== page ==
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People Are Actually Giving Their Children Honest-To-God Coronavirus-Inspired Names

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People Are Actually Giving Their Children Honest-To-God Coronavirus-Inspired Names

EZEQUIEL BECERRA / Getty

Inspiration truly does strike at the weirdest moments.

Even in a pandemic.

According to reports from India a couple by the name of Preeti and Vinay Verma, chose to name their newborn twins Covid and Corona in an effort to remember the current pandemic. But it’s not just the parents of India finding inspiration in these dark times. A report out of the Philippines revealed that a pair of parents named their child Covid Bryant– an homage to both the virus and the recently deceased basketball legend Kobe Bryant.

Speaking about their new baby names Preeti Verma said she wanted to ease anxieties related to the names.

“We wished to ease the anxiety and fear associated with these words and also make the occasion memorable,” Preeti said in an interview.

Of course, there’s no doubt COVID-19 will be a defining virus for people across the globe and for generations as well. Speculation that the pandemic will spark a “coronial” generation gained quite a bit of hype. The Brookings Institution, however, estimated that the U.S. birth rate will decline by another 7-10%  this coming year which equates to nearly 300,000 to 500,000 less births. A Guttmacher Institute survey found that “34% of women said they wanted to get pregnant later or wanted fewer children because of the COVID-19 pandemic.”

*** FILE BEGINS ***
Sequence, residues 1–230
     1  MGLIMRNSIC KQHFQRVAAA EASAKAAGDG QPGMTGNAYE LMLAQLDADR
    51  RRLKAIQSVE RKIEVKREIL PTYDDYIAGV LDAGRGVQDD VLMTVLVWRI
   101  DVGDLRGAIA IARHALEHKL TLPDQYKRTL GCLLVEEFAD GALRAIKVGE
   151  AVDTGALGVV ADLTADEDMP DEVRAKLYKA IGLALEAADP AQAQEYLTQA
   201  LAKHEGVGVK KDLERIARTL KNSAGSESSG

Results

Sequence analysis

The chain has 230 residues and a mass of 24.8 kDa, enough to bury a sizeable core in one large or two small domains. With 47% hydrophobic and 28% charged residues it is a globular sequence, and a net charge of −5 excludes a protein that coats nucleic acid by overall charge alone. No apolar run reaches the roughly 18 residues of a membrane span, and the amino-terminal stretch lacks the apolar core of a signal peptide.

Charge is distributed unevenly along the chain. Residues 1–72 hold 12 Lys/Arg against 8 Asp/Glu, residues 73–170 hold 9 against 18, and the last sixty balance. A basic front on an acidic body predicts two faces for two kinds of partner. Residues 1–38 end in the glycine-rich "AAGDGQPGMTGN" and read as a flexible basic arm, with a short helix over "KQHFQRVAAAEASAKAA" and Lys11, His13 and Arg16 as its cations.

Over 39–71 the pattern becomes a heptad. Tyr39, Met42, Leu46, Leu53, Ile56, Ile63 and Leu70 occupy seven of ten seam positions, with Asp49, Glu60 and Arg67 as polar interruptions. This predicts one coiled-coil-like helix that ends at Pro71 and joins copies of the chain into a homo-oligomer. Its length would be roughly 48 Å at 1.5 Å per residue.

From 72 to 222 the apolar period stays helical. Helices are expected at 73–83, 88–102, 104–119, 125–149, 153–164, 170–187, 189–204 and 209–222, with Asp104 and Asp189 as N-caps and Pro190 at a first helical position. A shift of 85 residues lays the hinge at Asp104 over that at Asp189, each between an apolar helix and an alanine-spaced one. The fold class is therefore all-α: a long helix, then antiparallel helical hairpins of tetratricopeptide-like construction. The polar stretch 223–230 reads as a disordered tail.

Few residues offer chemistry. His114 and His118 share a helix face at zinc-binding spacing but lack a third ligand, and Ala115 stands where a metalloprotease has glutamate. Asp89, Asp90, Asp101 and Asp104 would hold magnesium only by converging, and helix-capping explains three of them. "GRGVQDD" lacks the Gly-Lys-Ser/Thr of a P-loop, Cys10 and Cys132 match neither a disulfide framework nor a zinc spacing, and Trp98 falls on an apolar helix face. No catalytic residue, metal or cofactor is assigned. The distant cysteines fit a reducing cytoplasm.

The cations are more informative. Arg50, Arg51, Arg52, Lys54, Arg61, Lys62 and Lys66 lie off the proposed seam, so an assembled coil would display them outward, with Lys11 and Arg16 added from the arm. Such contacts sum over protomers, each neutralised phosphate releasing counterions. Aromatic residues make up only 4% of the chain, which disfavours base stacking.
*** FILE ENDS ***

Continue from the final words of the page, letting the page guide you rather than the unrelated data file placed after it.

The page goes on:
But what about the babies that are being born during the pandemic? It turns out the pandemic might actually be inspiring more and more of their names. A survey, conducted by ChannelMum.com, recently revealed that 43% of parents believe the coronavirus outbreak will affect what they will name their newborns. The survey also found that 7% of parents have had a change of heart on what to name their children as a result of the pandemic.

For some less morbid name inspiration check out some of the best monikers inspired by lockdown that we could find, below!

Vida

Spanish for “life” which is pretty sweet and optimistic.

Anthony

Some parents might opt to name their children after the voice of wisdom during these strange times.

Cora

Less intense and direct than Corona.

Vira

Vira means “hero” in Hindi.

Tina 

Short for quarantine.,

Demi 

Short for pandemic.

Hope

Much more optimistic in these strange times.